This post changes how you see the old favorite comic strip Calvin and Hobbes.  I loved that strip and was bummed, like so many others, when it was discontinued. More importantly, I could relate to the scenario that was the premise for the strip. I suspect that we all had some imaginary friend like Hobbs when we were little. As an adult I find myself “voicing” responses in conversations with my dogs Sadie and Skippy. They are my current Hobbs’es.

I’ve written here before about losing the ability that we had as children to play and to imagine things and friends to play with. I love the saying, “We don’t lose our ability to play because we get old; we get old because we lose our ability to play.” The story above about Calvin on his deathbed reestablishing the ability to see Hobbs as a real live lion again and then passing Hobbs on to his grandson is poignant and touching.  I literally can’t read this story without tearing up.

pillow fightThere is much more than just the loss of innocence that occurs when we “grow up”. We are taught how to suppress the things that allowed us to have the type of fun that is a part of childhood, to be silly and to summon our imaginary friends when we needed them. We are forced to “fit in”, to “act like an adult” and “be serious.” Soon we lose the ability to giggle and laugh out loud at funny things that happen in life, because that wouldn’t be proper. We learn to “keep a stiff upper lip”, to “deal with it” and to “shake it off”. What we lose in that process of growing up is our sense of wonderment in the world around us and our ability to play without keeping score.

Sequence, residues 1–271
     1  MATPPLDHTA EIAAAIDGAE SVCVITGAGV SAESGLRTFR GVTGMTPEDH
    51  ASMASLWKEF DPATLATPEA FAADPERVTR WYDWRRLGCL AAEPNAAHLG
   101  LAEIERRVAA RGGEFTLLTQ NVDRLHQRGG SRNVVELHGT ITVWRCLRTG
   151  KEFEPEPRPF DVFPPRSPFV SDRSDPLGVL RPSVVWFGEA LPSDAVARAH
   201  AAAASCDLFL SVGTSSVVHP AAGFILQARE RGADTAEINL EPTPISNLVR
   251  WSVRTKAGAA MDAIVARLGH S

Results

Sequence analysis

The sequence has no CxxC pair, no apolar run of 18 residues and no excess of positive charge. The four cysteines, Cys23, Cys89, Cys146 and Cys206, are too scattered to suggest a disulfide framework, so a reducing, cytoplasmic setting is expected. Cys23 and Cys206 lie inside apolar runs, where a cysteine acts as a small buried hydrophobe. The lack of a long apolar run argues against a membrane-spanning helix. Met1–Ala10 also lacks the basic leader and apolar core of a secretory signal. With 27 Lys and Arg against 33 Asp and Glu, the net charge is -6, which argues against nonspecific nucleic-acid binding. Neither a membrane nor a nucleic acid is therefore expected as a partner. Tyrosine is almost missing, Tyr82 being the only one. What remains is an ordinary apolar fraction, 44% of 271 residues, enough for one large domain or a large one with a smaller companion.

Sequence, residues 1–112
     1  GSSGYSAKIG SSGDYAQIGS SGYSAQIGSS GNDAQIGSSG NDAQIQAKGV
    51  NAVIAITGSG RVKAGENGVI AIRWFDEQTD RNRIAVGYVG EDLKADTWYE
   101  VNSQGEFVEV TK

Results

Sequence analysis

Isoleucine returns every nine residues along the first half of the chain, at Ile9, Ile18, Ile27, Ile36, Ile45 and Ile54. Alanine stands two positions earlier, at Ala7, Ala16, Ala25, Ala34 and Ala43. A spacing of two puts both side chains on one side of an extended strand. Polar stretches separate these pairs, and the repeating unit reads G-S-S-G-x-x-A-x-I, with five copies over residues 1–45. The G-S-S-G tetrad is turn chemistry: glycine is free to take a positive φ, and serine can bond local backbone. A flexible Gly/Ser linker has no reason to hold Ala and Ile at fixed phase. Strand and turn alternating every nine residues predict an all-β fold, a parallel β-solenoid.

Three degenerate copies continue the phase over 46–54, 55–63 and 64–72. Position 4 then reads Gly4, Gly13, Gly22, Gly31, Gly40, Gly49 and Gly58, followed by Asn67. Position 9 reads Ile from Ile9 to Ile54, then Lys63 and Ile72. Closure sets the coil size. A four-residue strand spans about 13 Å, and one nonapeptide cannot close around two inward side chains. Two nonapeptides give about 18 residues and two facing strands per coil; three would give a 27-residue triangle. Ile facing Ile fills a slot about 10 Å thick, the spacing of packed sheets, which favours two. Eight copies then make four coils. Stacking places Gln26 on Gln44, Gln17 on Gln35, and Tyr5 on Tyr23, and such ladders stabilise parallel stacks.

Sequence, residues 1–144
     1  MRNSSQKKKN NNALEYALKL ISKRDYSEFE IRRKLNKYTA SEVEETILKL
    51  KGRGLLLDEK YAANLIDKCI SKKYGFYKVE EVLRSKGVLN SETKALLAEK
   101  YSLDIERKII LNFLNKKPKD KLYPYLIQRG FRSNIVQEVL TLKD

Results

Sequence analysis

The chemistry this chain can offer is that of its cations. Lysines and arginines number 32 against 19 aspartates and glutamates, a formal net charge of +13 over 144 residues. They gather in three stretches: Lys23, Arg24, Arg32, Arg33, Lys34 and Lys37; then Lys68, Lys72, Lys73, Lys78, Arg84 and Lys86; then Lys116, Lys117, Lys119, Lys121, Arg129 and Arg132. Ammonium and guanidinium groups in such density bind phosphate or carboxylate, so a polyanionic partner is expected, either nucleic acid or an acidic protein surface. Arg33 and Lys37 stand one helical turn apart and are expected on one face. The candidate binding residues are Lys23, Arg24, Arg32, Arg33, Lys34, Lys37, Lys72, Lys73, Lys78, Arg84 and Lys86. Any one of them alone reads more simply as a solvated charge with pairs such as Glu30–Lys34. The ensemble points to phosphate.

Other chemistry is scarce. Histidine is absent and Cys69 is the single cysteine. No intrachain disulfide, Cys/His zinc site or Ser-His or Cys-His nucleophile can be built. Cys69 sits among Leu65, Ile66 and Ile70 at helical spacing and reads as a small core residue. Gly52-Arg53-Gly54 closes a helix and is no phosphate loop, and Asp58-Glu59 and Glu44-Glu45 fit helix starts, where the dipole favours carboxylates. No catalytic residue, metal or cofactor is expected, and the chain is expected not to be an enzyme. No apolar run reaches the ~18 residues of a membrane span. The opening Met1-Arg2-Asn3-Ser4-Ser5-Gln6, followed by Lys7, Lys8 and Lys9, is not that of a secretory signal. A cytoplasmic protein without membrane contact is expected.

As I get older, things like this little story take on greater meaning. I try not to get hung up on the inevitability of death, but rather to recapture some of the freedom of being a child and being able to play or imagine things without regard to what others may think. I go to the gym most days and, even though I’ve discovered that I can no longer do many of the things that I once could do, I keep trying.  I may get a few people saying, “Look at that old fool; what does he think heboy imagining is, a kid again?” Don’t I wish.

Now, you’ll have to excuse me; I’ve got to go have another grand adventure with Sadie and Skippy. We have such great talks on our walks.